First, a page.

Lee v. United States of America

Filing 72

ORDER denying ECF No. 58 Motion for Summary Judgment; denying as moot ECF No. 60 Motion to Strike the Declaration of Edward Ord; denying as moot ECF No. 67 Motion to Strike the Declaration of Theodore Lee; denying as moot ECF No. 70 Motion for Leave to File a Response to Lee's Request to Strike Defendant's Response to ECF No. 62. Signed by Judge Robert C. Jones on 2/17/2017. (Copies have been distributed pursuant to the NEF - KR)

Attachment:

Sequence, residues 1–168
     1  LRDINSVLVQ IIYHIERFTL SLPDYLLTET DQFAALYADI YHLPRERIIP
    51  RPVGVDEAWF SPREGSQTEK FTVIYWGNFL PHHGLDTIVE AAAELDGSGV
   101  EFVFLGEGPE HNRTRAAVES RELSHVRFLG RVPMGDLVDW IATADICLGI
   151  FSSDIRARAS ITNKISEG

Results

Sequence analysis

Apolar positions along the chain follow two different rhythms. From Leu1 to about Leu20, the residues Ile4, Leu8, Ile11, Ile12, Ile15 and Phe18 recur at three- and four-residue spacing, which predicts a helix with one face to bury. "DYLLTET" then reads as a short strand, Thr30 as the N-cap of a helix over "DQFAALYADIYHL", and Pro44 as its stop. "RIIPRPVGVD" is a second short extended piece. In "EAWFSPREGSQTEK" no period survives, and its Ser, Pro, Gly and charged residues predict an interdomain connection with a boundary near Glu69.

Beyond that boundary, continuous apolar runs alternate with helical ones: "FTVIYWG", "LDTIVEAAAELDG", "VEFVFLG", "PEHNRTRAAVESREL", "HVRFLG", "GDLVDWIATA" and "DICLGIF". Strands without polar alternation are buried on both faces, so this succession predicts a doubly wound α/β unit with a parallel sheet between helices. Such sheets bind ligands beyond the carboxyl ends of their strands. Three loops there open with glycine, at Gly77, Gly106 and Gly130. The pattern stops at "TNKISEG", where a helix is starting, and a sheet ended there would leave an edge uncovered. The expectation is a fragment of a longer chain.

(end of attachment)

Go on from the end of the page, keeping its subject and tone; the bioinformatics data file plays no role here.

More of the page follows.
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1 2 3 UNITED STATES DISTRICT COURT 4 DISTRICT OF NEVADA 5 6 7 THEODORE LEE, 8 Plaintiff, 9 10 2:14-cv-00606-RJC-PAL vs. ORDER UNITED STATES OF AMERICA, 11 Defendant. 12 13 This is an action to recover income taxes paid for tax year 2006. Pending before the 14 Court are Plaintiff’s Motion for Summary Judgment, (ECF No. 58), Defendant’s Motion to 15 Strike the Declaration of Edward Ord, (ECF No. 60), Defendant’s Motion to Strike the 16 Declaration of Theodore Lee, (ECF No. 67), and Defendant’s Motion for Leave to File a 17 Response to Lee’s Request to Strike Defendant’s Response to ECF No. 62, (ECF No. 70). For 18 the reasons given herein, the Court denies the Motion for Summary Judgment and denies the 19 remaining motions as moot. 20 21 I. FACTS AND PROCEDURAL HISTORY When it came time to pay federal income taxes for the year 2006, Plaintiff Theodore Lee 22 was being audited by the Internal Revenue Service for returns he had filed for 1999 through 23 2005. (Mot. Summ. J. 3–4, ECF No. 58.) As a result of the audit, Lee chose not to file a tax 24 return for 2006 when it came due, deferring its filing until April 2010. (Resp. 3–4, ECF No. 59.) 1 of 7 1 Lee justifies the delay by asserting he had a legitimate fear of criminal prosecution in the event 2 his 2006 return were inconsistent with the IRS’s final determinations in auditing his returns for 3 prior years. (Mot. Summ. J. 3–4.) Therefore, Lee argues he had to wait for the IRS to conclude 4 its audit before filing his 2006 return, that he be able to conform his 2006 return to the results of 5 the audit. (Id.) Accordingly, in April 2010, Lee filed his 2006 income tax return. (Id. at 4.) Lee asserts 6 7 that he adopted the IRS’s positions from the audit in completing his 2006 return, reporting a 8 $155,098 check (“the Check”) from a former employer as income. (Id.; Resp. 3, ECF No. 59.) 9 Through this lawsuit, Lee seeks to recover income taxes paid on the Check, arguing the Check 10 should have been classified as a non-taxable gift, rather than taxable income. 11 In answering Lee’s Complaint, the United States asserted a counterclaim for civil 12 penalties and interest based on the late filing of Lee’s 2006 return and late payment of his 2006 13 income taxes, pursuant to 28 U.S.C. § 6651(a). (Answer and Countercl. 5–6, ECF No. 10.) 14 Currently, the United States claims an amount of approximately $24,000, “plus additional 15 interest that may accrue until the balance is paid in full.” (Resp. 4, ECF No. 59.) 16 Lee now moves for summary judgment on Defendant’s counterclaim for civil penalties 17 and interest, arguing that his decision to defer filing his 2006 income tax return is protected by 18 the Fifth Amendment right not to be compelled to make self-incriminating statements. 19 Accordingly, Lee contends that any civil penalty assessment is impermissible as a matter of law, 20 because it would amount to an unconstitutional punishment for having invoked his Fifth 21 Amendment right. 22 23 24 II. LEGAL STANDARDS A court must grant summary judgment when “the movant shows that there is no genuine dispute as to any material fact and the movant is entitled to judgment as a matter of law.” Fed. R. 2 of 7 1 Civ. P. 56(a). Material facts are those which may affect the outcome of the case. See Anderson v. 2 Liberty Lobby, Inc., 477 U.S. 242, 248 (1986). A dispute as to a material fact is genuine if there 3 is sufficient evidence for a reasonable jury to return a verdict for the nonmoving party. See id. A 4 principal purpose of summary judgment is “to isolate and dispose of factually unsupported 5 claims.” Celotex Corp. v. Catrett, 477 U.S. 317, 323–24 (1986). 6 In determining summary judgment, a court uses a burden-shifting scheme. The moving 7 party must first satisfy its initial burden. “When the party moving for summary judgment would 8 bear the burden of proof at trial, it must come forward with evidence which would entitle it to a 9 directed verdict if the evidence went uncontroverted at trial.” C.A.R. Transp. Brokerage Co. v. 10 Darden Rests., Inc., 213 F.3d 474, 480 (9th Cir. 2000) (citation and internal quotation marks 11 omitted). In contrast, when the nonmoving party bears the burden of proving the claim or 12 defense, the moving party can meet its burden in two ways: (1) by presenting evidence to negate 13 an essential element of the nonmoving party’s case; or (2) by demonstrating that the nonmoving 14 party failed to make a showing sufficient to establish an element essential to that party’s case on 15 which that party will bear the burden of proof at trial. See Celotex Corp., 477 U.S. at 323–24. 16 If the moving party fails to meet its initial burden, summary judgment must be denied and 17 the court need not consider the nonmoving party’s evidence. See Adickes v. S.H. Kress & Co., 18 398 U.S. 144 (1970). If the moving party meets its initial burden, the burden then shifts to the 19 opposing party to establish a genuine issue of material fact. See Matsushita Elec. Indus. Co. v. 20 Zenith Radio Corp., 475 U.S. 574, 586 (1986). To establish the existence of a factual dispute, the 21 opposing party need not establish a material issue of fact conclusively in its favor. It is sufficient 22 that “the claimed factual dispute be shown to require a jury or judge to resolve the parties’ 23 differing versions of the truth at trial.” T.W. Elec. Serv., Inc. v. Pac. Elec. Contractors Ass’n, 809 24 F.2d 626, 631 (9th Cir. 1987). In other words, the nonmoving party cannot avoid summary 3 of 7 1 judgment by relying solely on conclusory allegations unsupported by facts. See Taylor v. List, 2 880 F.2d 1040, 1045 (9th Cir. 1989). Instead, the opposition must go beyond the assertions and 3 allegations of the pleadings and set forth specific facts by producing competent evidence that 4 shows a genuine issue for trial. See Fed. R. Civ. P. 56(e); Celotex Corp., 477 U.S. at 324. 5 At the summary judgment stage, a court’s function is not to weigh the evidence and 6 determine the truth, but to determine whether there is a genuine issue for trial. See Anderson, 477 7 U.S. at 249. The evidence of the nonmovant is “to be believed, and all justifiable inferences are 8 to be drawn in his favor.” Id. at 255. But if the evidence of the nonmoving party is merely 9 colorable or is not significantly probative, summary judgment may be granted. See id. at 249–50. 10 Notably, facts are only viewed in the light most favorable to the non-moving party where there is 11 a genuine dispute about those facts. Scott v. Harris, 550 U.S. 372, 380 (2007). That is, even 12 where the underlying claim contains a reasonableness test, where a party’s evidence is so clearly 13 contradicted by the record as a whole that no reasonable jury could believe it, “a court should not 14 adopt that version of the facts for purposes of ruling on a motion for summary judgment.” Id. 15 III. 16 ANALYSIS Delinquency penalties are imposed upon taxpayers pursuant to 26 U.S.C. § 6651(a)(1) for 17 failure to timely file income tax returns and pursuant to 26 U.S.C. § 6651(a)(2) for failure to pay 18 the proper tax due on a return, “unless it is shown that such failure is due to reasonable cause and 19 not due to willful neglect.” 26 U.S.C. § 6651(a). The burden of establishing reasonable cause and 20 lack of willful neglect is on the taxpayer. See Welch v. Helvering, 290 U.S. 111, 114 (1933); 21 Sanderling v. Commissioner, 66 T.C. 743, 757 (1976). 22 In general, “taxpayers cannot rely upon the Fifth Amendment to justify a complete failure 23 to file.” United States v. Neff, 615 F.2d 1235, 1239 (9th Cir. 1980) (citing United States v. 24 Sullivan, 274 U.S. 259, 263–64 (1927)). A Fifth Amendment objection “may properly be raised 4 of 7 1 only in response to specific questions asked in the return.” Id. at 1238 (citing Garner v. United 2 States, 501 F.2d 228, 252 n. 18 (9th Cir. 1972), aff’d, 424 U.S. 648 (1976). The Fifth 3 Amendment grants a privilege against self-incrimination, and the mere act of filing an annual 4 income tax return, which all taxpayers are generally required to file, has little “real and 5 appreciable” tendency to incriminate the filer. See id. at 1239. The cases on which Lee relies in 6 his motion brief—Marchetti v. United States, 390 U.S. 39 (1968), Grosso v. United States, 390 7 U.S. 62 (1968), and United States v. United States Coin and Currency, 401 U.S. 715 (1971)— 8 provide scant support for his position. These cases related to the filing of specialized gambling 9 tax forms, where the very act of filing such forms would have identified the taxpayers as 10 participants in illegal activity. In contrast, there is very little risk that the mere filing of a 11 standard yearly tax return would by itself suggest criminal wrongdoing on the part of the filer. 12 Accordingly, as a preliminary matter, it may be difficult for Lee to prevail on his Fifth 13 Amendment defense, due to his complete failure to file a timely tax return for 2006. 14 It is also a “well-established rule that a self-incrimination objection to an income tax 15 return must be raised at the time of filing.” Neff, 615 F.2d at 1238. Moreover, a Fifth 16 Amendment objection “may properly be raised only in response to specific questions asked in the 17 return.” Id.; see also Boday v. United States, 759 F.2d 1472, 1474 (9th Cir. 1985) (“Taxpayers 18 cannot make blanket fifth amendment claims, but must assert their privilege specifically.”). 19 In support of his motion, Lee has proffered the declaration of his attorney Edward Ord. 20 (Ord Decl., ECF No. 58-2.) Ord states that Lee deferred filing his 2006 return, on the advice of 21 counsel, because he “feared that if he filed for 2006 inconsistently with the IRS’s position with 22 respect to prior years, he would be prosecuted.” (Id. at ¶ 2.) Lee has also provided his own 23 declaration—largely repetitive of Mr. Ord’s—which he filed after the parties had fully briefed 24 the instant summary judgment motion. (Lee Decl., ECF No. 66.) Lee asserts he was under audit 5 of 7 1 and investigation by the IRS when his 2006 return was due, and therefore legitimately believed 2 he could be prosecuted if he filed his 2006 return prior to completion of the audit. The United 3 States moves to strike both declarations, on the bases that the Ord Declaration was submitted by 4 an undisclosed witness after the close of the discovery, and the Lee Declaration was untimely 5 submitted after the close of briefing on the summary judgment motion. The United States also 6 argues that there is no evidence Lee was being “investigated” by the IRS, only that some recent 7 returns were being audited, and that Lee has changed his story with respect to his actual reasons 8 for deferring the filing of his 2006 return. 1 (See Resp. 6–7, 9–10, ECF No. 59.) Even if the Court were to accept the declarations proffered by Lee, it would nonetheless 9 10 deny the motion for summary judgment. Lee has failed to adduce evidence to establish that he 11 raised his Fifth Amendment objection at the time he filed his 2006 return, and failed to identify 12 the specific questions on his 2006 return which he believed may incriminate him. There is also 13 conflicting evidence regarding the extent of the IRS’s investigation of Lee and Lee’s true reasons 14 for waiting to file. Therefore, there remain genuine issues of material fact, which preclude 15 summary judgment, with respect to Lee’s intent and the circumstances surrounding his decision 16 to defer filing of his 2006 return. Without resolving these factual disputes, it is not possible to 17 determine whether Lee may have validly exercised his Fifth Amendment privilege against self- 18 incrimination. 19 /// 20 21 22 23 24 1 In initial discovery responses, Lee attributed the delay in filing his 2006 return in part to “difficulty in getting records.” (See Disc. Resps. of Dec. 7, 2015, ECF No. 38-20 at 9.) The interrogatory to which Lee was responding asked for identification of any defense Lee intended to raise against the imposition of civil penalties for late filing. In the same response, Lee further justified the delay by asserting the “general common practice” of awaiting the results of an audit prior to filing returns for subsequent years. In contrast, Lee did not identify his Fifth Amendment defense until he supplemented his interrogatory responses on the last day of discovery. (See Suppl. Disc. Resps. of Sept. 30, 2016, ECF No. 59-8 at 7–8.) This tends to belie Lee’s assertion that his original intent in deferring filing was to invoke his Fifth Amendment rights. 6 of 7 CONCLUSION 1 2 3 4 5 6 7 IT IS HEREBY ORDERED that the Motion for Summary Judgment (ECF No. 58) is DENIED. IT IS FURTHER ORDERED that the Motion to Strike the Declaration of Edward Ord (ECF No. 60) is DENIED as moot. IT IS FURTHER ORDERED that the Motion to Strike the Declaration of Theodore Lee (ECF No. 67) is DENIED as moot. 8 IT IS FURTHER ORDERED that the Motion for Leave to File a Response to Lee’s 9 Request to Strike Defendant’s Response to ECF No. 62 (ECF No. 70) is DENIED as moot. 10 IT IS SO ORDERED. 11 12 13 14 15 _____________________________________ ROBERT C. JONES United States District Judge DATED: This 17th day of February, 2017. 16 17 18 19 20 21 22 23 24 7 of 7